“I would love to have this debate with you but none of your claims are based off of real data.”

      Baloney! That is a patently false accusation. My data are real, accurate, and published.

      “You sell a DIY kit and you only sell it to consumers who can get out of debt within 12 months.”

      Also false. I sell a DIY kit combined with LIVE COACHING. I do not make it a formal requirement that they must finish within 12 months. Many people have sought my help and taken longer to settle their accounts. What I do is strongly recommend a fast-track (less than 12 months) approach, but I do not automatically exclude people who might have to take longer but still prefer debt settlement as their “Plan A” — provided they understand the risks and consequences of taking longer.

      “If you are not settling the debt yourself, how accurate can your data be? Are we to believe that every client who purchased your self-help kit has called you up after the fact, with the results of every settlement?”

      I get it. You really don’t understand what I do for clients, do you? Maybe you should have spent some time on my website before posting poorly-informed remarks like this one. For any client who orders a package that includes coaching support, I include DOCUMENT REVIEW. The answer to your question is that clients send me their settlement letters for review before they pay the creditor or agency. I have thousands of settlement letters in my database. Did you think I pulled the 2,251 recorded settlement number from thin air? Those are either settlement letters in my files, or results reported to me via email.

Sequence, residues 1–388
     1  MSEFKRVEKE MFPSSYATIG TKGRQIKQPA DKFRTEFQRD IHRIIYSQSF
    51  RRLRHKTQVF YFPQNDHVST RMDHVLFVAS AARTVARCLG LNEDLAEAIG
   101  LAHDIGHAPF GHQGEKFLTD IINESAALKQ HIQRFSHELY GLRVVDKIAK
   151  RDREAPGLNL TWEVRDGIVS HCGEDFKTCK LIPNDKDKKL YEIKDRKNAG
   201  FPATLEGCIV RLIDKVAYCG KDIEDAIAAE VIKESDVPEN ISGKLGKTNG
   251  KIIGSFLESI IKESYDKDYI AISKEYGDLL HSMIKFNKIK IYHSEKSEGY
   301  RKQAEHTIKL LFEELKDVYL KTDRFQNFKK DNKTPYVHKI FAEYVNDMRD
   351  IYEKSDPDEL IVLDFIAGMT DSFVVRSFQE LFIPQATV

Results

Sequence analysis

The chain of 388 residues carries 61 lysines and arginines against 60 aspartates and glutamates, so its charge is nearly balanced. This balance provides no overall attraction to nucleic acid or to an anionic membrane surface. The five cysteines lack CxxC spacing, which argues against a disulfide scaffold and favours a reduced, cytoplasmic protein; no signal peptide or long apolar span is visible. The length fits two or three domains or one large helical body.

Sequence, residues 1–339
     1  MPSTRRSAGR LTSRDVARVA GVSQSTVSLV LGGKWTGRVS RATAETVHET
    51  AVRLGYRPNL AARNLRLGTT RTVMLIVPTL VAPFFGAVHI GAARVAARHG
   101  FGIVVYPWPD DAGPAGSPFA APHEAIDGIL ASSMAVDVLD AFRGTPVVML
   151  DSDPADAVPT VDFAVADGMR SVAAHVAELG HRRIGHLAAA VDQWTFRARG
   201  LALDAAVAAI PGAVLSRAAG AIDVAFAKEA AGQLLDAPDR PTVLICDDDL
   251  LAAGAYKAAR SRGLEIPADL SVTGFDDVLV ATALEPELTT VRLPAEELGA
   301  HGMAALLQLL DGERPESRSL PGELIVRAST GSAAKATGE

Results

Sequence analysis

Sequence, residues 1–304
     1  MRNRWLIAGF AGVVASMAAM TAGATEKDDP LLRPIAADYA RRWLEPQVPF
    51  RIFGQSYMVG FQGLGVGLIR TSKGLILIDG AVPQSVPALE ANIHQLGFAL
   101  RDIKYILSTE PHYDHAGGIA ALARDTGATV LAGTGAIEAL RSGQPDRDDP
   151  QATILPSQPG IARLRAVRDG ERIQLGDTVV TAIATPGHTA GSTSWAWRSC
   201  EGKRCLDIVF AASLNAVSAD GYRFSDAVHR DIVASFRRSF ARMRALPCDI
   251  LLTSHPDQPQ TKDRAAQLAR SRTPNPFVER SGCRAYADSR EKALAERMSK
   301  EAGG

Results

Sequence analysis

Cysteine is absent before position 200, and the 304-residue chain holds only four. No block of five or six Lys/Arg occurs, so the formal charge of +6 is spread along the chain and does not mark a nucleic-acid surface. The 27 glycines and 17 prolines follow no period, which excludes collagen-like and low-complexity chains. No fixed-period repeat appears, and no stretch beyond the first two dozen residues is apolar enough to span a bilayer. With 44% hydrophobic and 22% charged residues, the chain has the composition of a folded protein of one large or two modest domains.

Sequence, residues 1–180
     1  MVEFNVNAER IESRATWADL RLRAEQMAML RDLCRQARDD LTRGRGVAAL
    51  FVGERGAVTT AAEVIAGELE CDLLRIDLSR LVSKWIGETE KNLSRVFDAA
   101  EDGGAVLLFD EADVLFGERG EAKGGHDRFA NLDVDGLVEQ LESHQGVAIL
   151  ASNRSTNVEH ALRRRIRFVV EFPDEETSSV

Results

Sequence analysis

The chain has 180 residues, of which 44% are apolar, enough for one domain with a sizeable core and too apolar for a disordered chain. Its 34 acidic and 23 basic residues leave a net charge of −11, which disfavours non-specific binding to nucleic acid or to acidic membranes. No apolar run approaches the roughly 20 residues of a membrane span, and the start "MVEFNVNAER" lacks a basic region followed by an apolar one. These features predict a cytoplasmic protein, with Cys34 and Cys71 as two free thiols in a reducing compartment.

“And the same goes with lawsuits; there is no possible way for you to track lawsuits and I find it hard to believe that you received calls informing you of every lawsuit.”

      Again, that’s because you apparently have no clue as to how I actually operate my business model. I find out about lawsuits ASAP because of the coaching provided to clients. The data are accurate. I am not so stupid as to be a 15-year veteran of this crazy industry and publish made-up data. What I said was that of the 2,251 settlements reported to me for 2010-2011-2012 (to date), only 41 reached lawsuit status, which is 1.8%. That is actual data as reported by my clients.

      “Sorry Charles I’m not looking to be confrontational, I have always said there is a need for the DIY I have no problems with you or your program but there is no real comparison between the two and I dont agree that bashing one to gain more clients is a wise way to gain clients.”

      Well, if you aren’t looking to be confrontational, then maybe you should re-read what you just posted today. :-)

      Angelo, I’ve noticed that you always use the word “bashing” whenever I publish something critical of traditional debt settlement firms and programs. You want to talk about bashing? I’ve been on the receiving end of it for 8 years, since beginning to promote the DIY method. My approach has been bashed endlessly by 1000s of sales reps working debt settlement boiler rooms. You know the pitch: we can get you better deals, we have “relationships” with all the major banks, you’d be crazy to try this yourself, and so on, ad nauseam. I’ve even had consumers tell me that debt consultants told them it was *illegal* for them to negotiate their own debt! Whatever it takes to make the sale, I guess.